The 3-hour, $12 bracelet!

My first issue of Beadwork magazine arrived, chock full of great projects, and after reading through them, I decided to try Nancy Cain’s bracelet of tubular netting, featured on the cover as The 3-Hour, $12 bracelet. I took the challenge to see if I could meet both those parameters.

I picked up some beautiful olivine and bronze iris seed beads on sale several months ago and – finally - the perfect project to use them. I was right on track staying within the $12 limit, planning to use gold-colored craft wire for the bracelet’s armature. But after stringing the base and beads and testing the fit, I decided Nancy was right, the bracelet needs a 16-gauge dead-soft wire for proper structure. Busted! A foot of gold-filled wire put me over budget. But, oh, how this bracelet feels, hugging my wrist!!!

Did I do better on the time? I’ve done netting in the round before, but with differing main and accent colors. This project uses a single color for the netted base, and, without main and contrast beads, it took a while until I really “saw” the stitch. I finally got it, but had to rip out several rows to correct mistakes. Once I began the embellishment rounds, my normally docile Maine Coon cat, Blaze, began swatting at the bracelet, even grabbing it to make a dash with it across the room. It wasn’t until I took the finished strand outside to photograph it that I understood his attraction!

I didn’t make the 3-hour challenge either, but I’m still blissfully happy with my 4-Hour, $16 Chenille d’Or (Golden Caterpillar) quick summer bracelet!


Triple Crown Cuff

Transplanted Kentuckians, we are loyally glued to our television at 5:00 on the first Saturday in May for the run-up to the Kentucky Derby where you get to see great horses and watch profiles of the world-renowned horsemen and trainers who’ve brought these beautiful thoroughbreds to this day. I still get chills as I raise my silver mint julep cup to the first strains of “My Old Kentucky Home.” This year, I balanced my bead tray on my lap while I watched the race coverage, and made some strides on my Sherry Serafini embroidered cuff.

After cheering Calvin Borel and Super Saver through the finish line, I’ve renamed Sherry’s design the Triple Crown Cuff. It’s been 32 years since we’ve seen a single horse win the Derby, Preakness and Belmont Stakes. A confident Calvin predicted he’d do it this year aboard Super Saver.

I’ve finally finished the cuff. (It’s versatile and with its trio of vintage cabs surrounded by rhinestone chain and pearls, just a tad showy, like Calvin Borel’s mount!) I’ll be wearing it for luck when I turn my attention to Baltimore and the Preakness Stakes tomorrow.


Still Worth a Trip to the Mailbox

Sad to hear yesterday that Newsweek is up for sale, and no potential buyers in sight. When Dan and I married and combined our households in the mid-‘80’s there were only a handful of things we had in duplicate, our subscriptions to Newsweek being one of them. I’ve been eagerly anticipating its arrival in my mailbox each Monday now going on 25 years! The mailboxes have changed, and through the years Newsweek has too. The magazine got a dramatic makeover just about a year ago, and became more intellectual (think essays that add to the conversation) rather than informational. I can’t think of anyone in the land I’d rather have a weekly conversation with than Fareed Zakaria, Jon Meacham and Evan Thomas. Like everyone else, I turn to the web for immediate news. I catch The Daily Show, buy an occasional hardback, and watch the Sunday news shows. And yes, count me in with those people who still like to hold a magazine in their hands every week.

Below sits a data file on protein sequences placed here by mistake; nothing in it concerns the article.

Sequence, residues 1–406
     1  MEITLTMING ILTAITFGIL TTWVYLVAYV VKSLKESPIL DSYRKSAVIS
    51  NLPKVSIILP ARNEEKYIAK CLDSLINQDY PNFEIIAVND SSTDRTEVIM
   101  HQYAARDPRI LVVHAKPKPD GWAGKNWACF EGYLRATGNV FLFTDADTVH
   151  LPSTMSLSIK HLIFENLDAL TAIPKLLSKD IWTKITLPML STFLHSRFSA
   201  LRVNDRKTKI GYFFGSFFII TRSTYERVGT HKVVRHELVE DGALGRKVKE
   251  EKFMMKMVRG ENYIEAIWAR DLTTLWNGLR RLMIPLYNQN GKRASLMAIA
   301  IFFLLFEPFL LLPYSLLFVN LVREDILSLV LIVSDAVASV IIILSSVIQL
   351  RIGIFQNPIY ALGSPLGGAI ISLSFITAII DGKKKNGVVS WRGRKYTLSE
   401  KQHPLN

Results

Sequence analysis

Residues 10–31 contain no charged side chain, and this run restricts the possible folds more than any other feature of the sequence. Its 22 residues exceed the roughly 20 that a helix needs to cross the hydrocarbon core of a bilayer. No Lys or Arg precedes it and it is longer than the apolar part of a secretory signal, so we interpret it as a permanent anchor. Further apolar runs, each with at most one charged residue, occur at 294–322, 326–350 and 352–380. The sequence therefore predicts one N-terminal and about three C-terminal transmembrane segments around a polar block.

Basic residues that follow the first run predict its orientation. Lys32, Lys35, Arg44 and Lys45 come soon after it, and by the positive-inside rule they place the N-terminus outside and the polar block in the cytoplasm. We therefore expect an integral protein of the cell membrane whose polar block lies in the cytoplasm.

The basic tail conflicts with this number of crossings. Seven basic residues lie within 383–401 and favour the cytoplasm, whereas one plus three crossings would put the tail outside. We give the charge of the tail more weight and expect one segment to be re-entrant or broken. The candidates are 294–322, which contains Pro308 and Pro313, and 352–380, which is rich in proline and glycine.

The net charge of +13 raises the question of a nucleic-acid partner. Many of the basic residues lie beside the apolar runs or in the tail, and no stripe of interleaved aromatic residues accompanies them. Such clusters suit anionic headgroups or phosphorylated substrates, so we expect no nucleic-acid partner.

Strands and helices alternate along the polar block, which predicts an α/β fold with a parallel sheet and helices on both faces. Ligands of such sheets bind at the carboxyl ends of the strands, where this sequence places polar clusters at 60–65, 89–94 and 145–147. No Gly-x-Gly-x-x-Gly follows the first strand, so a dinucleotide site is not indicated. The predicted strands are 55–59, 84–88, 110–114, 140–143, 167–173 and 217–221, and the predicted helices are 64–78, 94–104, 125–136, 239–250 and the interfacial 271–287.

With the last remake, the magazine added a back page feature called Back Story. This week’s page asked "Could You Be a Home Economist in 1950?" and extracted a few questions posed to students from the New York State Regents High School Examination. Here are a couple to test your skills:

If, at dinner, your hostess spreads a whole slice of bread and eats it without breaking it, the most acceptable procedure for you would be to

  1. avoid eating bread

  2. eat bread the same way she does

  3. break your bread into two pieces and spread it as you eat it

  4. break your bread into four pieces and spread it as you eat it

  5. suggest a more desirable practice for eating bread

Having received Amy Vanderbilt’s Complete Book of Etiquette for Christmas 1962, and reading it from cover to cover, it being the only book I owned, this one was easy. I knew that my hostess’s bad behavior did not relieve me of the responsibility of one of the most challenging of dining skills. The process of consuming a large piece of bread began by breaking it into quarters, buttering a single section, returning the butter knife to the plate and only then, consuming and repeating.

Which of the following is a good rule for the weekly cleaning of a bedroom?

  1. Begin cleaning at the top.

  2. Start sweeping at the door.

  3. Be sure windows are closed to keep out the dust.

  4. Straighten dresser drawers.

  5. Rearrange furniture.